The only event this week was our first visit to a far-flung woodland. Unfortunately, we’d been warned that because of major roadworks in Malton there were massive delays, so several people either set off early to cope with these, or set off early to go round by a much longer route. Today because of the school holidays there were no delays in Malton! When I arrived after almost a 2 hour journey everyone had been waiting in the car park for what seemed like hours. Immediately, there were Siskins flying over the car park, and these were probably visiting the feeders at the visitor centre.
Yellowhammer (c) 2012 Richard Whateley
Tree Pipit (c) 2012 Richard Whateley
We eventually found a new gravel path which meandered its way to the reserve through a pleasant heathland habitat studded with young conifers and birches. We travelled in a cloud which was hanging over the crag we were walking on, but there was plenty of birdsong, including: Willow Warbler, Yellowhammer, Whitethroat & a Song Thrush. However, the definite highlight here was a Tree Pipit. Its pleasant canary-like notes drifted towards us, and it could be seen perched on the top of a young conifer. On the way back, Sally saw it parachuting down. There was a Kestrel hovering in the mist and we flushed a couple of Linnets up from the ground at our feet. Other birds around here included plenty of Chaffinches and a single carrion Crow.
We turned right when we reached a broader path and found ourselves at the same height as the trees full of Blue Tit fledglings. We then arrived at a steep narrow path plunging down to the Yorkshire Wildlife Trust reserve. It had rained heavily overnight and we made our way carefully down the muddy and slippery terrain. Unfortunately, we are used to even paths on the flat here in East Yorkshire and several people didn’t fancy the climb down to the lake at the bottom and turned back. We could hear our first Chiffchaffs, Swallows were twittering above us but couldn’t be seen because of the tree cover. A Willow Tit sang out, plus Coal Tits and a little later a whole family of Long-tailed Tits. On a fallen log last Autumn’s ear fungus was still intact, but had gone past the edible stage. Sally correctly identified the song of a Blackcap – it seems it is possible to identify song birds after repeated exposure to the same species!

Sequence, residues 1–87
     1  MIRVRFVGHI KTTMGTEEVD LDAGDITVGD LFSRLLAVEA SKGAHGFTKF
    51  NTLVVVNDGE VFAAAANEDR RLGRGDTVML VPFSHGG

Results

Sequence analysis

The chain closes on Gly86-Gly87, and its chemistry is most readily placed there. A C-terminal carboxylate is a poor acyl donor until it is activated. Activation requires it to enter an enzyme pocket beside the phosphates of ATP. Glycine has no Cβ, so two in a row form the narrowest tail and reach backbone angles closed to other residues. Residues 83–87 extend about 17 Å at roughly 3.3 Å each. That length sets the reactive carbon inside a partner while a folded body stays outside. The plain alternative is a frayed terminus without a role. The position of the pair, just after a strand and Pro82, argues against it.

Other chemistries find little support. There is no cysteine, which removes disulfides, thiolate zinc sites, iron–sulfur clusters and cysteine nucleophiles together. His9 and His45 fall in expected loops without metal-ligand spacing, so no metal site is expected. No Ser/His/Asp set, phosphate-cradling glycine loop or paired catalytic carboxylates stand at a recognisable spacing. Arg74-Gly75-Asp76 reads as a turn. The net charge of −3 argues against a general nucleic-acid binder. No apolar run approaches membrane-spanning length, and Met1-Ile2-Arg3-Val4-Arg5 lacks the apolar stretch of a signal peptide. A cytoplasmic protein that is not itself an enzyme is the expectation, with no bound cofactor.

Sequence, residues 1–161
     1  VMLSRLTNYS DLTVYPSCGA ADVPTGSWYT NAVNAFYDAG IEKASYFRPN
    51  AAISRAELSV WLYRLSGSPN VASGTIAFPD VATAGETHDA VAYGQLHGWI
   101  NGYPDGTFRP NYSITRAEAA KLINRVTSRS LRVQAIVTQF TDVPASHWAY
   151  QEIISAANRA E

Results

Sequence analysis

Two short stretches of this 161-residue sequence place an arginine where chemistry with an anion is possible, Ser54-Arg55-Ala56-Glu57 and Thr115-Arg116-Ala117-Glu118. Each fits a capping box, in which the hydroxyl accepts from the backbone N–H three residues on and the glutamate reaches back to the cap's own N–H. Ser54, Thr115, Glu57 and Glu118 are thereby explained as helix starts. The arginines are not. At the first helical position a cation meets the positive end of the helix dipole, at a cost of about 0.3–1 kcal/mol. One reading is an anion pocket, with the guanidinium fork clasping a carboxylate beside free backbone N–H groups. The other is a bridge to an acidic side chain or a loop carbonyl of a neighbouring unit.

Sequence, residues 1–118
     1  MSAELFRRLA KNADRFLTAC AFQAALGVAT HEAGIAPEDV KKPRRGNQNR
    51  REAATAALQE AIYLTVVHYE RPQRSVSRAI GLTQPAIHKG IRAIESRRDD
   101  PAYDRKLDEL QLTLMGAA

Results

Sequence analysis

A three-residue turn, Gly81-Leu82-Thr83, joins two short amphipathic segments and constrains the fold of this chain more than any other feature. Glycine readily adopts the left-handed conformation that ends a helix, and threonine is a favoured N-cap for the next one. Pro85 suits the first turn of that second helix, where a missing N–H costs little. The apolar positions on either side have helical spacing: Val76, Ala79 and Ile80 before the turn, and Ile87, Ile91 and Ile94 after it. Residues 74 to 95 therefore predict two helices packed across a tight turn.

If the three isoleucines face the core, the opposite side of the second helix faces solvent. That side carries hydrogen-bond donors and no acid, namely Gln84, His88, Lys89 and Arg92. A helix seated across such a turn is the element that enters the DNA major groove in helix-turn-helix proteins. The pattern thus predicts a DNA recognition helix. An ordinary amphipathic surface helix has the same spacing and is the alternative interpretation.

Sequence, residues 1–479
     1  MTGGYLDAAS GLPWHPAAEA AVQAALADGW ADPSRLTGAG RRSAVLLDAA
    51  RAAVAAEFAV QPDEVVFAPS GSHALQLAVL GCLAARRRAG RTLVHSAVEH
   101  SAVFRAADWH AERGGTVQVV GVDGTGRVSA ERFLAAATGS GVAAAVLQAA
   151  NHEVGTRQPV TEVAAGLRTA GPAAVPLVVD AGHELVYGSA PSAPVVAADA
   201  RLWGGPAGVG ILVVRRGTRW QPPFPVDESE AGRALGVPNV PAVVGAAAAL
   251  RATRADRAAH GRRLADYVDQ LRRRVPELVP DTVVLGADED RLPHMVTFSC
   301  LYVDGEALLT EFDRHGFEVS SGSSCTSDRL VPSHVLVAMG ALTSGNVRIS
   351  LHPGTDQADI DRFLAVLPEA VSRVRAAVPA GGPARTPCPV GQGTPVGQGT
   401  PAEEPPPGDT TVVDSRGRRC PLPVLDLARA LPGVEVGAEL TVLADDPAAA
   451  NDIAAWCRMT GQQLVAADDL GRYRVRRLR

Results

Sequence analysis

Froghopper (bit of Cuckoo Spit visible under the leaf)
As we made our way down to the lake we could hear the ‘pic pic’ calls of a distant Great Spotted Woodpecker, and an even further off Cuckoo. However, as we descended into the abyss the Cuckoo became easier to hear & Eileen could pick it out – gone are the days when she lived on Thorne Moors & she was the 1st to hear one every year! On the lake there was a pair of Tufted Ducks and several Mute Swans, but little else. We did a circuit of the lake where we encountered a Treecreeper, Blue Tit fledglings, another singing Tree Pipit and Sparrowhawks calling from deep within the wood.
The way back up the hill wasn’t as bad as everyone feared & the only new creatures encountered were the Froghopper (manufacturers of Cuckoo Spit). They were out in force & it was clear that their manufacturing had only just began, so they were about to get very busy – they are very late this year – delayed by the cold or the relatively dry spring? Although the trek up the hill wasn't too bad, many of the attendees were red in the face & either dripping with sweat, or soaked with rain. Some attendees went on to the visitor centre where Siskins and Coal Tits could be seen on the feeders.
Siskin (c) 2012 Richard Whateley
Coal Tit [& Siskin] (c) 2012 Richard Whateley
Siskin [female] & Collared Dove (c) 2012 Richard Whateley